So this week, I’m not asking; I’m telling. You can learn more about the Foundation here. Then, you can donate here.

Please be generous. Thank you!

Finally – before we get into the more stock market-specific comments, I want to share a positive experience I have had over the past few months. We have been looking for a CEO for one of the businesses in Astoria for quite a while now, and we interviewed six candidates during that time. We have found the ideal candidate now, but what I want to highlight is the absolute quality of all six candidates we spoke to. Any one of the six could have filled the position, and all of them will contribute positively to growth and job creation in South Africa; of that, I have no doubt. If the government could just step aside and let people get on with it here in South Africa, the sky would be the limit. We really do have high-quality people here.

And on that positive note, on to market news. Let’s get the bad out of the way first:

“New lows are bearish”

1. Aston Martin

Aston Martin has the undeserved reputation as “the poor man’s Ferrari” – undeserved, because the man in the street could never afford one. But we can buy the shares, which are listed on the London Stock Exchange. And if you had done that when they were first listed, you would have ended up poor. They are down over 95% from their highs post-listing:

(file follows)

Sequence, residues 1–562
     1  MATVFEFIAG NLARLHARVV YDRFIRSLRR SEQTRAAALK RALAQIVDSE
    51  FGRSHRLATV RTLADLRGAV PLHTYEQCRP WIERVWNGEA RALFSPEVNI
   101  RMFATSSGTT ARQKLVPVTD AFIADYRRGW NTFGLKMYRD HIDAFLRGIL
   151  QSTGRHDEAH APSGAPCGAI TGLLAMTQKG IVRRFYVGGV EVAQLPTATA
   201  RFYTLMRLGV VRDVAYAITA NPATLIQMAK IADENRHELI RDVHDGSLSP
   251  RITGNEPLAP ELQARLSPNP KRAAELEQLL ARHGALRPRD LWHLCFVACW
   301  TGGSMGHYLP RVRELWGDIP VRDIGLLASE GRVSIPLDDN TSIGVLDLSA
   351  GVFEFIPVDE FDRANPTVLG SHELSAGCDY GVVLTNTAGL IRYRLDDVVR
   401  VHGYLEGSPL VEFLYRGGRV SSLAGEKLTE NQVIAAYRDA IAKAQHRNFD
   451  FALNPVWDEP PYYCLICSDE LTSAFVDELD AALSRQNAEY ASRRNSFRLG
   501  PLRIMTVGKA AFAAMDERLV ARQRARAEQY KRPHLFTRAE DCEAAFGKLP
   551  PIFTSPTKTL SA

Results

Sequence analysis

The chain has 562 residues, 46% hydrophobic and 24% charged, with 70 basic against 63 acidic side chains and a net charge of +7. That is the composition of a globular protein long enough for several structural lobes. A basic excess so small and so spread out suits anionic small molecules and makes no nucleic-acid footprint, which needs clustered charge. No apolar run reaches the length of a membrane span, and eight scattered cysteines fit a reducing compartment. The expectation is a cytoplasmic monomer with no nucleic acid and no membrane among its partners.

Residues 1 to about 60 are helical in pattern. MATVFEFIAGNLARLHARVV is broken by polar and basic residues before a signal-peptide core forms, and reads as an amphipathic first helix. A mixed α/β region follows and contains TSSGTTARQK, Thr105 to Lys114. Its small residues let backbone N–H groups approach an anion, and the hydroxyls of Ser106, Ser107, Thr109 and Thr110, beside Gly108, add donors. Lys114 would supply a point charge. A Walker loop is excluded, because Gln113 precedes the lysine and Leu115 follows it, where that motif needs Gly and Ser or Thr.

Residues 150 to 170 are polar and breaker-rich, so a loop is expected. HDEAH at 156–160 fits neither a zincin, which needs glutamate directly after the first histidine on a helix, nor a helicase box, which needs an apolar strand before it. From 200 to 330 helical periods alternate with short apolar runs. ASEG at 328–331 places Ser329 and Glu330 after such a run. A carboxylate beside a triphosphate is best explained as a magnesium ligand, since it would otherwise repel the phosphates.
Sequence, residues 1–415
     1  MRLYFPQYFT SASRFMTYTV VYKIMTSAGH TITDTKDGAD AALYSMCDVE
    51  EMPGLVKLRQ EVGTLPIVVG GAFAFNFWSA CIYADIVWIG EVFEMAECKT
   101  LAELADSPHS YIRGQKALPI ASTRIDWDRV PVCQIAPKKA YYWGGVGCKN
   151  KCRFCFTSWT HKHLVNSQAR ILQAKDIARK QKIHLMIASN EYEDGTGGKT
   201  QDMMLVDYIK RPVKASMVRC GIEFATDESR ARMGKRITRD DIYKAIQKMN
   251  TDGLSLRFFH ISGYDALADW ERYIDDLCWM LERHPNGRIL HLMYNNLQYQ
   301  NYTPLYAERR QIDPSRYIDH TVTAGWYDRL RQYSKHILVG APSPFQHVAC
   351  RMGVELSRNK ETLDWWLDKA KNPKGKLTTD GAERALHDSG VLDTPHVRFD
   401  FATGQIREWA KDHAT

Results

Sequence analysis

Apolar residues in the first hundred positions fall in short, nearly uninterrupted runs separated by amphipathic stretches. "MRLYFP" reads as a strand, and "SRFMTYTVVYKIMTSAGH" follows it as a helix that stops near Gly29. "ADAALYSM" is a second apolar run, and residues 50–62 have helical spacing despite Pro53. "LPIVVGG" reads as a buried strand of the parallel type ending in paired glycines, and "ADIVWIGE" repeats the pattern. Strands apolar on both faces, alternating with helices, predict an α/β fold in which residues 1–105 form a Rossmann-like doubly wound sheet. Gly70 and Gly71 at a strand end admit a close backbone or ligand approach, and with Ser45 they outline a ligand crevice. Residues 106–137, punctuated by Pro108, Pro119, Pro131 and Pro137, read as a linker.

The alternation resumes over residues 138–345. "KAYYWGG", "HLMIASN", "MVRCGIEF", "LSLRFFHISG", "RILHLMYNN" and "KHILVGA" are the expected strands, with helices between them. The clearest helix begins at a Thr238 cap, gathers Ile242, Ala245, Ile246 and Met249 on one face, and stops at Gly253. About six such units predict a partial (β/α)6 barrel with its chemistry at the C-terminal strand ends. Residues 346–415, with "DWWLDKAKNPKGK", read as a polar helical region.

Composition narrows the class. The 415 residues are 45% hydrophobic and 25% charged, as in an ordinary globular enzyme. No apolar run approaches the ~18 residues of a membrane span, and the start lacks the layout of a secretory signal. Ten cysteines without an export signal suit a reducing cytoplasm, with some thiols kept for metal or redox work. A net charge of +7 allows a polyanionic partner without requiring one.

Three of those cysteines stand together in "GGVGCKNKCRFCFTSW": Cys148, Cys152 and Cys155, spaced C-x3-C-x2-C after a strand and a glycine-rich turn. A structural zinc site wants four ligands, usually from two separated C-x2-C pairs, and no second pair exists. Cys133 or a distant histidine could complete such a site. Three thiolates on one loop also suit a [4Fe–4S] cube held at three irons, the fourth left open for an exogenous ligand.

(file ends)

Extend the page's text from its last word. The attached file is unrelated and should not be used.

Aston Martin chart

Except for Toyota (which I wrote about last week) and Ferrari, most car manufacturers’ share prices are doing poorly, mainly due to the threat EVs pose. Aston Martin is no exception. Like their competitors, they are struggling to lift volumes. But unlike their competitors, they have a heavily indebted balance sheet and are consistently cashflow negative.

Shortly after listing, they joined the F1 circus. And last year, former world champion Fernando Alonso joined the team. He achieved a few podium finishes, and the fan base got excited, translating into a lift in the share price – you can see it around July/August in the chart above. Fundamentally, things were just as bad for the business, so the RECM Hedge fund used this opportunity to short sell the stock. This was successfully closed out with a nice gain last week.